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Former AP President Fuller Dies at 79

Former AP President Fuller Dies at 79

The former president and CEO of The Associated Press, Keith Fuller, died from Alzheimer’s at the age of 79.
As head of the AP from 1976-1985, Fuller oversaw an expansion of its services, including increasing the number of overseas bureaus and expanding the range of live broadcast news. During his tenure, the percentage of the nation’s newspapers with daily circulation that the AP served grew from approximately 70% to 90%. He also oversaw a change in technology from typewriters and teletype to computers and satellite transmission.
Fuller joined the AP in 1949 and served as a reporter, bureau chief, broadcast executive, as the group’s personnel director, and as chief of the AP’s commercial photo arm and Newsfeatures.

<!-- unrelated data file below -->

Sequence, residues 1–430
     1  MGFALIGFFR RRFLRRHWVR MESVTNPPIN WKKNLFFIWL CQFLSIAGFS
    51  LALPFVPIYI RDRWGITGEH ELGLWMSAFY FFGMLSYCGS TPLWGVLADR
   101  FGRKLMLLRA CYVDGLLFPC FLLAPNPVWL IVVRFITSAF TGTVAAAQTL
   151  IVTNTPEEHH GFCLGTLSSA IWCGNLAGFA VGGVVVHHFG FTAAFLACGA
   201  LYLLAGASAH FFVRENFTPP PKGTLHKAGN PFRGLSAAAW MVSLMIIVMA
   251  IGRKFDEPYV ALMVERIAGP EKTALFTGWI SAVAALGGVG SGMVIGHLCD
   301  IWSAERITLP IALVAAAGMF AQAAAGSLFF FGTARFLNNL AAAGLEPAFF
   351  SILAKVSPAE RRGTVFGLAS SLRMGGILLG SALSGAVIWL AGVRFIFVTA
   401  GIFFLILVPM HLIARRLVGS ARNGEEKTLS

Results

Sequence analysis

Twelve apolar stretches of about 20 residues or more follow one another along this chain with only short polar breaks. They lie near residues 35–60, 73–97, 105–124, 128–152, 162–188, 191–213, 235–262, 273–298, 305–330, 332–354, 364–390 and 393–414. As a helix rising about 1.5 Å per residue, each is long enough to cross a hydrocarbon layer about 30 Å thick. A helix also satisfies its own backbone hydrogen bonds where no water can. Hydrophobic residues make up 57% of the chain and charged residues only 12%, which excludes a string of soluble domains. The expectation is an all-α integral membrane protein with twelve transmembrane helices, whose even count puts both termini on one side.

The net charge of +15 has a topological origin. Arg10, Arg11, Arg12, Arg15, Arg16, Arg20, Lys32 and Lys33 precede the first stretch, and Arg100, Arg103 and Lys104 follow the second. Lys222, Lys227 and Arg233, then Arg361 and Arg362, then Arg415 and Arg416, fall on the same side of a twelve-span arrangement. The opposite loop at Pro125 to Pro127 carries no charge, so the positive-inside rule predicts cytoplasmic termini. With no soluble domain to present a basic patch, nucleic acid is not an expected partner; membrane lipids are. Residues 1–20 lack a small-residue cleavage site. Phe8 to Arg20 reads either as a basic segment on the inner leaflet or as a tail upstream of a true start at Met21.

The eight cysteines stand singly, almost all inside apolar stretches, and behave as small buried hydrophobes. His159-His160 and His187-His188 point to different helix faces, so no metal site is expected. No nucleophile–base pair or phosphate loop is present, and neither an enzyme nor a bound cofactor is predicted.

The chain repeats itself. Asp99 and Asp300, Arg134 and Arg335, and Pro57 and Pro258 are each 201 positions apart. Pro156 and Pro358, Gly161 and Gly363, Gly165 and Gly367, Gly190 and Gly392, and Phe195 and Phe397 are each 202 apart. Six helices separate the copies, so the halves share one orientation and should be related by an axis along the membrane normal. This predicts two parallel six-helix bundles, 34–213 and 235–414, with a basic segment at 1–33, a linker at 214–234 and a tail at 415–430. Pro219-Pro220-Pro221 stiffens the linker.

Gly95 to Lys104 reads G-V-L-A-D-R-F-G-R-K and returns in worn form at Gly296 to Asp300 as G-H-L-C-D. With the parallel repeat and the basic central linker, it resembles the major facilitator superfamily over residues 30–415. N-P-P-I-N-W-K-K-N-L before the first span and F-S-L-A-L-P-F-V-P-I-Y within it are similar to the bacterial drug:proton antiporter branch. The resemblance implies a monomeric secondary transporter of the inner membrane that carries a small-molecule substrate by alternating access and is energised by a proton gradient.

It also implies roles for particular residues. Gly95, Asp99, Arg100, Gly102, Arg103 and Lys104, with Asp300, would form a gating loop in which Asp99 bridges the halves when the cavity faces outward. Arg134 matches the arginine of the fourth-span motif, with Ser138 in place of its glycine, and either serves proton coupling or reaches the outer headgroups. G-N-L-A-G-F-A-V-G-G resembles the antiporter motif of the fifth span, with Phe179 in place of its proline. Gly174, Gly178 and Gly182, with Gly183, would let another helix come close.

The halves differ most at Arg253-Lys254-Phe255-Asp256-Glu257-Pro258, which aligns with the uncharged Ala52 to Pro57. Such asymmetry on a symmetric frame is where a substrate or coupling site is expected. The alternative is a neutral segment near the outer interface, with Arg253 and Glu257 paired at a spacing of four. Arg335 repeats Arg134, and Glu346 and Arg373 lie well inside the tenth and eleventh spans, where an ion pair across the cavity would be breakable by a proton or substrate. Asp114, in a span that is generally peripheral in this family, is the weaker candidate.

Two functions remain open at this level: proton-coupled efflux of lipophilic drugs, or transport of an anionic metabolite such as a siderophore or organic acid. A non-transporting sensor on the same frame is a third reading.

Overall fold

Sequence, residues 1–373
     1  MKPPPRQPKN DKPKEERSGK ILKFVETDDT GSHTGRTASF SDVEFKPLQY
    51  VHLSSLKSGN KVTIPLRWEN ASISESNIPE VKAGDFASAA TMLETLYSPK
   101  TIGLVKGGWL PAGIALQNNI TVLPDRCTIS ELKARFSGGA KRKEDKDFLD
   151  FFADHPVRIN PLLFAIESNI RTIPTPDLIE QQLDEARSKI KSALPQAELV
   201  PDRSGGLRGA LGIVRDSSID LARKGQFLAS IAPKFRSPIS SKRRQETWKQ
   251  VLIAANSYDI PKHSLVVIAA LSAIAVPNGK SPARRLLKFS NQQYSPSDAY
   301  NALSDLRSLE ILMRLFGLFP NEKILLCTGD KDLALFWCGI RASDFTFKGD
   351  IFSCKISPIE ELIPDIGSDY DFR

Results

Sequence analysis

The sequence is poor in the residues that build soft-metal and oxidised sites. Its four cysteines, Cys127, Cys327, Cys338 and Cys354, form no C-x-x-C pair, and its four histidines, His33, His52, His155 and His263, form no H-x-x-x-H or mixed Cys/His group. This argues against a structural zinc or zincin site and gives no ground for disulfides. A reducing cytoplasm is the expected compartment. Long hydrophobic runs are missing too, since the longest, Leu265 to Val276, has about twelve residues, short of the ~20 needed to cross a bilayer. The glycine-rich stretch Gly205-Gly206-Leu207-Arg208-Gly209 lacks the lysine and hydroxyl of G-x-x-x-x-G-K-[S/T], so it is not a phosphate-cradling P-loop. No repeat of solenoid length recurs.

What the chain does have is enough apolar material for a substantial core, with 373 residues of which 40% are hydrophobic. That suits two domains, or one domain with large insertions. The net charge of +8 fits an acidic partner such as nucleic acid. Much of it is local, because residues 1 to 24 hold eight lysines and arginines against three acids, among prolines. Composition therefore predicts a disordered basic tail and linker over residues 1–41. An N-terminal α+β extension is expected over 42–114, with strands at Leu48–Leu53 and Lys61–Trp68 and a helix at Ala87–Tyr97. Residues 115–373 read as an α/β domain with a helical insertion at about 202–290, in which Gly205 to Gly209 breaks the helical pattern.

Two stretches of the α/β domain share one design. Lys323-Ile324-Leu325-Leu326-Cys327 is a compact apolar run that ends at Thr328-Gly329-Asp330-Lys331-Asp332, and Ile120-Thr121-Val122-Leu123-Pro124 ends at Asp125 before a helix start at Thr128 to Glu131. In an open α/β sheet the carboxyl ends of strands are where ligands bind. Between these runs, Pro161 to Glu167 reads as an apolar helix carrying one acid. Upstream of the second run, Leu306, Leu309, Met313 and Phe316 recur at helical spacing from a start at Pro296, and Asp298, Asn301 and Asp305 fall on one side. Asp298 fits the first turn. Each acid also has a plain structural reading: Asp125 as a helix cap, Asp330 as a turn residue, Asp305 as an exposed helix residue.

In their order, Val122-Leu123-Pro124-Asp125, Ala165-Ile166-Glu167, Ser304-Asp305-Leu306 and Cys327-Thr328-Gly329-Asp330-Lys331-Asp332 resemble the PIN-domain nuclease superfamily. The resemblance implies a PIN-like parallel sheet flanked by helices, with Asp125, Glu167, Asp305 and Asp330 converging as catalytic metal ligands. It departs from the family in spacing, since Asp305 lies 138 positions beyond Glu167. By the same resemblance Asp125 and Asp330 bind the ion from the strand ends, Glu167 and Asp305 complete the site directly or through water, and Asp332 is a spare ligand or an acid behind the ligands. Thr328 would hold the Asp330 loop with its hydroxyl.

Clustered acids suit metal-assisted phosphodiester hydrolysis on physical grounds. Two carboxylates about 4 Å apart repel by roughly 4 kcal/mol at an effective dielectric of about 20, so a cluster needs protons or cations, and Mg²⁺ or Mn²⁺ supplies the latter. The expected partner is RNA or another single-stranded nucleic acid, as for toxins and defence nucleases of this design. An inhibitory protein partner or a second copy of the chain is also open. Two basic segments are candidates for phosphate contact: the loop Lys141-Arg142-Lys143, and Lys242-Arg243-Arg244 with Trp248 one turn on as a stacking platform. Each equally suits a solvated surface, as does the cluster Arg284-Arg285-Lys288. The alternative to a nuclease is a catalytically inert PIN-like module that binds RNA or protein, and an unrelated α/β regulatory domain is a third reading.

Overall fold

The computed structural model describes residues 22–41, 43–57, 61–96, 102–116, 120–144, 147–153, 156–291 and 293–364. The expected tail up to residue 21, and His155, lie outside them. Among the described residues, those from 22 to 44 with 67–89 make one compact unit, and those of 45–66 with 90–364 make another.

His other accomplishments include directing the AP’s coverage of the 1957 school desegregation crisis in Arkansas, for which the group won a Pulitzer; supervising the editing of “The Torch is Passed,” the AP’s account of President Kennedy’s assassination, which sold 5 million copies; and leading the group’s board of directors on trips to news locations around the world. He also served on the board of directors for Gannett after his retirement.
During WWII he flew on a B-17 bomber and was shot down over France. For 14 months he was a prisoner of war in a camp that was eventually liberated by General George Patton and the U.S. Third Army.